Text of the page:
However, this isn’t necessarily down to the fact that sharks like the taste of men better. Instead, it’s down to the fact that more men surf, SCUBA dive, and boogie board than women. All of these sports increase the chances of being attacked by a shark.

6. Shark Attacks Are More Common In September

In the United States, an interesting trend seems to occur in September. In September, shark attacks spike, making the water that little bit more dangerous. 

This can be seen clearly in statistics surrounding Florida and its shark attacks. Florida has the most shark attacks in the United States. Most of these attacks occur in September. From 1926 to 2019, there have been 103 reported attacks in that month. 

This is a lot more than the 84 reported in August and 61 reported in June. 

7. Sharks Eat Breakfast And Dinner

One quirky fact about shark attacks is that, like us, they eat breakfast and dinner. Of course, this is only a cool fact if you’re not either of those things.

In a day, a shark will eat between 0.5 and 3 percent of its body weight in food. This isn’t too different from us as we eat approximately 2 percent of our body weight per day.

8. New Smyrna Beach Is The Shark Attack Capital Of The World

If you’re scared or paranoid that you might one day be the victim of a shark attack, swimming at New Smyrna Beach in Florida isn’t a good idea. In fact, you’d do well to get us in the water there.

New Smyrna Beach is the shark attack capital of the world. With 17 attacks last year alone, this beach is known for shark attacks. Sharks are so common at the beach that ISAF has estimated that anyone that has ever swam there has come within 10 feet of a shark.

9. Most Shark Attacks Occur Close To Shore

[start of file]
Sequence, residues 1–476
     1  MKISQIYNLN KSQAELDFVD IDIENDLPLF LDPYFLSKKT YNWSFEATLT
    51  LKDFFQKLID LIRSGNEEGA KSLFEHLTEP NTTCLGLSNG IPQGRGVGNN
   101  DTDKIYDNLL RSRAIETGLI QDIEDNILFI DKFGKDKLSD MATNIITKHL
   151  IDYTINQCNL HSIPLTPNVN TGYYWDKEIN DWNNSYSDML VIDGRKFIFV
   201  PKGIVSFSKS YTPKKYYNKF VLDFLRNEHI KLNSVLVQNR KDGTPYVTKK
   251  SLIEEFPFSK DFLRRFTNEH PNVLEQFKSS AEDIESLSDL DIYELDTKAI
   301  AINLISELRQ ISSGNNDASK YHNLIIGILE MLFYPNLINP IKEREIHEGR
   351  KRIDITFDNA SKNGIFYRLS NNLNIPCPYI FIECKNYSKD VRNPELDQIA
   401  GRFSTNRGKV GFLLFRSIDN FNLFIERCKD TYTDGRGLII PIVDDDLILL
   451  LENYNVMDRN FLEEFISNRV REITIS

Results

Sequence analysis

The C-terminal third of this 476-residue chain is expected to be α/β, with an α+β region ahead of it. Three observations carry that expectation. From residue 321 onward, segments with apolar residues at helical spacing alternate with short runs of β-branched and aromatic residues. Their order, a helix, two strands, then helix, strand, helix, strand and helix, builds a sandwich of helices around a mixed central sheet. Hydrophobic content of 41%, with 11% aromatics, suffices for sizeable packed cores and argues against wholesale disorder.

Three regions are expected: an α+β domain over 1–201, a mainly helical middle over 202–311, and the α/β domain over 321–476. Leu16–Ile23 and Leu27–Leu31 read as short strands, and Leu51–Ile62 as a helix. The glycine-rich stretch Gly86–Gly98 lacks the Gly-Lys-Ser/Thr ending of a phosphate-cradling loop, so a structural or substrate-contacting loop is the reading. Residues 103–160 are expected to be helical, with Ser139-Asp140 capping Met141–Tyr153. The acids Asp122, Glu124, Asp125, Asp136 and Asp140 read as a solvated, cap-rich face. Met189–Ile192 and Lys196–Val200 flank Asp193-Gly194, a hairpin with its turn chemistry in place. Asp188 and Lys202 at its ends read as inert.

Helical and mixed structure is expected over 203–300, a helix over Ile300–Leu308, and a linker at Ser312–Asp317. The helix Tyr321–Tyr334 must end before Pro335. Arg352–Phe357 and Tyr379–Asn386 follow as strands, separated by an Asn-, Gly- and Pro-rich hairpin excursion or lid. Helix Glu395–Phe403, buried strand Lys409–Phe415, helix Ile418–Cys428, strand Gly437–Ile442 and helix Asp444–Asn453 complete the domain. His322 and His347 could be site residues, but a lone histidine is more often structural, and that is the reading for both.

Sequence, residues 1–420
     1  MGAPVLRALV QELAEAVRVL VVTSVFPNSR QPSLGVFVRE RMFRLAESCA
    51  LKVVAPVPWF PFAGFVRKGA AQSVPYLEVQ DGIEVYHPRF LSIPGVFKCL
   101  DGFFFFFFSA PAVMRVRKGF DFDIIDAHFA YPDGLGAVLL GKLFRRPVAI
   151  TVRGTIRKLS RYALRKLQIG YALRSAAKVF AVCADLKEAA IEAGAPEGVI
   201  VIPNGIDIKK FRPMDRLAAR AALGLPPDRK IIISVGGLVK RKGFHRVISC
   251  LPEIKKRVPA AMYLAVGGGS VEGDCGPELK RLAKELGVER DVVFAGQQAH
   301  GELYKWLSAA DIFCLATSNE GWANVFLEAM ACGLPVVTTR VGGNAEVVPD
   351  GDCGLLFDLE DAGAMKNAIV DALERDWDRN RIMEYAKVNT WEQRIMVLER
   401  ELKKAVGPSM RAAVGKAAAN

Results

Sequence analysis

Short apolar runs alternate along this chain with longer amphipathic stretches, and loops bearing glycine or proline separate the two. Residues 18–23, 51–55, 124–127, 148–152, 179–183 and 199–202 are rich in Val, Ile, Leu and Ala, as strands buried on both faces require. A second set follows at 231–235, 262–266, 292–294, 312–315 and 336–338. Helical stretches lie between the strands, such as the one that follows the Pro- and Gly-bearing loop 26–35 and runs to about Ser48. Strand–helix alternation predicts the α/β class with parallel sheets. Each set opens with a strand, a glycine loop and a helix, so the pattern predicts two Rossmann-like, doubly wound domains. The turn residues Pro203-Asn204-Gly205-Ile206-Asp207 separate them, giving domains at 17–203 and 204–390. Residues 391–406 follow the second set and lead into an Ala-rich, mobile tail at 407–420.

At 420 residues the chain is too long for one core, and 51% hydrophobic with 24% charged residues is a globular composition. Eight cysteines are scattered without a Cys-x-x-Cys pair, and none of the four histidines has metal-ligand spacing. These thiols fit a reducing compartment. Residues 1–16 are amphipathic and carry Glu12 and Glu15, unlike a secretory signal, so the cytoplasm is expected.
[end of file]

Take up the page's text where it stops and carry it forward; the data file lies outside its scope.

Most shark attacks happen in shallow waters. There are a number of reasons for this but of course one of them is down to the fact most people stay in shallow waters. Sharks don’t typically attack in deeper waters because not many people swim there.

Most shark attacks occur less than 100 feet from the shore. Unbelievably 201 out of the 220 great white shark attacks since 1907 also occurred less than 6 feet from the surface.

10. The Safest People In The Water Could Be Snorkelers

If the statistics are anything to go by, the safest people might be those in the water snorkeling or SCUBA diving.

The reason for this is that 72% of shark attack victims in the last decade were people on top of the water surfing, water skiing, and taking part in other water sports.

Final Thoughts

That concludes our list of real shark attack facts. You should now have a much clearer understanding of shark attacks and what they entail.

Some of the facts on our list may have surprised you, whilst others may have made you even more scared of the water.

Whilst shark attacks will always be a scary thought and reality, what we will say is that shark attacks are more often than not accidental and are extremely rare. 

After all, humans are the biggest threat to sharks not the other way round and if we don’t change things quickly, most sharks will soon be extinct.

Mindy Russel